Commodities in Canada

In commerce, commodities are interchangeable goods or services. Many natural resources in Canada are viewed as commodities. They are a major source of the country’s wealth. Examples of commodities include a barrel of crude oil, an ounce of gold, or a contract to clear snow during the winter. Commodity products often supply the production of other goods or services. Many are widely traded in futures exchanges (see Commodity Trading).

In commerce, commodities are interchangeable goods or services. Many natural resources in Canada are viewed as commodities. They are a major source of the country’s wealth. Examples of commodities include a barrel of crude oil, an ounce of gold, or a contract to clear snow during the winter. Commodity products often supply the production of other goods or services. Many are widely traded in futures exchanges (see Commodity Trading).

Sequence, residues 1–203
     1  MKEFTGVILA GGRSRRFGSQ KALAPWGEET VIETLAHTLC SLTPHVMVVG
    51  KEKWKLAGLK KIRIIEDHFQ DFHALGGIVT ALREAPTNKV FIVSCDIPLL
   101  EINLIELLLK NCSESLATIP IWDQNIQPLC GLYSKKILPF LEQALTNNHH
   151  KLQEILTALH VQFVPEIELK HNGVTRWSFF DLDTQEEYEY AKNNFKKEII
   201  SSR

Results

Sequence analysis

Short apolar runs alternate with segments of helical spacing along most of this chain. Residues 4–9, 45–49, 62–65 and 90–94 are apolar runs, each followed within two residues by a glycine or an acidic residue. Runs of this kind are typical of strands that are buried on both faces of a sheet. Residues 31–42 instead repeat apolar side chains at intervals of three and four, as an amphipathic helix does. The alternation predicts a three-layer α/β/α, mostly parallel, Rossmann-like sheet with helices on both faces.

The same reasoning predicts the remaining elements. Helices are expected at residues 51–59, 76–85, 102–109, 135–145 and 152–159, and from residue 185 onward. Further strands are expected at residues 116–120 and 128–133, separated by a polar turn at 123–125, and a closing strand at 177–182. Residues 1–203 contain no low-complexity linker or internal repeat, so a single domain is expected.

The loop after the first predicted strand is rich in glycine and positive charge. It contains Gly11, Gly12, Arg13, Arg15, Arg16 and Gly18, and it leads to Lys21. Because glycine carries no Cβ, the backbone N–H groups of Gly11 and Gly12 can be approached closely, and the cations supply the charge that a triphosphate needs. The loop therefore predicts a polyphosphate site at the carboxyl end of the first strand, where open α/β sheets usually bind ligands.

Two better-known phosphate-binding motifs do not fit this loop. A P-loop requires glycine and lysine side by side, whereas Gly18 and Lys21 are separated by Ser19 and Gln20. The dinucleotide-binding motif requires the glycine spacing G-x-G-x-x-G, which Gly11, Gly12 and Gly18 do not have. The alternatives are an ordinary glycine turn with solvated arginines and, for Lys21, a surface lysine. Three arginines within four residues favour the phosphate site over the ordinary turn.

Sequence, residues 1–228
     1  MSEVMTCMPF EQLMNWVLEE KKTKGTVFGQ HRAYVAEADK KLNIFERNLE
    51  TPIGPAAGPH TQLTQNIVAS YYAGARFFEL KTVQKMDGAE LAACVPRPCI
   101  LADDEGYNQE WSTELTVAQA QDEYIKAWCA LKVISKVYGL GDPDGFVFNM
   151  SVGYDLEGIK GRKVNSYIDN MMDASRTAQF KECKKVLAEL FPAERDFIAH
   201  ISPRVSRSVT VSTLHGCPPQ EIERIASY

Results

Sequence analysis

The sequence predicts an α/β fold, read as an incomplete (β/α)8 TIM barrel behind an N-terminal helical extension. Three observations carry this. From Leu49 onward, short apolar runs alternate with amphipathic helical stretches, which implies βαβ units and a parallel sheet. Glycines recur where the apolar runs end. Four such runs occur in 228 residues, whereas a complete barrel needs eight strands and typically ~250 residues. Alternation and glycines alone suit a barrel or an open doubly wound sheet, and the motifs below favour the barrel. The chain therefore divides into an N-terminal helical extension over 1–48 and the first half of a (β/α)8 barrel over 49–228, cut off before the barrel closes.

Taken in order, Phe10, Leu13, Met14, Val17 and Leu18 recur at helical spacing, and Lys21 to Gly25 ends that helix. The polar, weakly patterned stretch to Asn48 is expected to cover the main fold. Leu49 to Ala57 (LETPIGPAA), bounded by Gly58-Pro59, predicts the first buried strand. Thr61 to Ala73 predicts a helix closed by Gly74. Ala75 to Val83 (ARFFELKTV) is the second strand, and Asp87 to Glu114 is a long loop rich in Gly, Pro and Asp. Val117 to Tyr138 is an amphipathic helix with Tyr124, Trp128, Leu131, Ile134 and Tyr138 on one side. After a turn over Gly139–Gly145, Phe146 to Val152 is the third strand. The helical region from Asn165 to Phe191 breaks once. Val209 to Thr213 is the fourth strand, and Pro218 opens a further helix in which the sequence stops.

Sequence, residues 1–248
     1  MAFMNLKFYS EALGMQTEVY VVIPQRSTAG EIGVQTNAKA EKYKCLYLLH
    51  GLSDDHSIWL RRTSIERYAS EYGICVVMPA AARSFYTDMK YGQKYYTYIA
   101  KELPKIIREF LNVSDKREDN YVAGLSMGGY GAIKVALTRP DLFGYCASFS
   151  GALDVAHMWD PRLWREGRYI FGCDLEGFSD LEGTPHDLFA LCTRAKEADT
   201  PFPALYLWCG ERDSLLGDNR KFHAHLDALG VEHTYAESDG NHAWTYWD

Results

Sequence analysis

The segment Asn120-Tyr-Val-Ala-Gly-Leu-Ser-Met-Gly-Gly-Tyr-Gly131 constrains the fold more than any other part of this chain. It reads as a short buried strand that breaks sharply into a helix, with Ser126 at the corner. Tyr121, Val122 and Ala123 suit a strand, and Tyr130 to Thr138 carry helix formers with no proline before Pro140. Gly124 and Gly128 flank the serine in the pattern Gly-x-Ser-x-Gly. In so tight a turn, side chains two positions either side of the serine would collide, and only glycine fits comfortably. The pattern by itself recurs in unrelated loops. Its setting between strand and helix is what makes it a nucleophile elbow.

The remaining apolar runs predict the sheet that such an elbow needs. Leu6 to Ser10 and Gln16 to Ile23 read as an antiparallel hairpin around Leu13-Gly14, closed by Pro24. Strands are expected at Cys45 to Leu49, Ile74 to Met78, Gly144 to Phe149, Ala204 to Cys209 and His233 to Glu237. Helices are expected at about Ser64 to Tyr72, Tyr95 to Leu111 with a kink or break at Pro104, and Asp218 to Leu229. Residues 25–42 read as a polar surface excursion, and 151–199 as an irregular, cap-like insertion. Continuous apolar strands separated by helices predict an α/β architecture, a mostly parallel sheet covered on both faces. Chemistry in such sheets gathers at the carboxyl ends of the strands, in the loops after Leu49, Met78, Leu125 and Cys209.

Commodities

From its colonial origins in the fur trade, Canada’s economy has depended on commodities. The traditional view of Canadians as “hewers of wood and drawers of water” remains relevant, even though this profile has greatly changed with the growth of manufacturing and information technology. ( See also Staple Thesis.)

For example, in 2019, Canada exported $114 billion worth of energy products. It also exported significant amounts of food, wood products and minerals. The Canadian stock market, for its part, remains heavily based on commodities. Broad Canadian stock-market index funds and exchange traded funds (ETFs) therefore appeal to many international investors looking to invest in commodities. Index funds and ETFs allow investors to diversify (spread out) their investment across many commodities.

See also Winnipeg Commodity Exchange.


Further Reading

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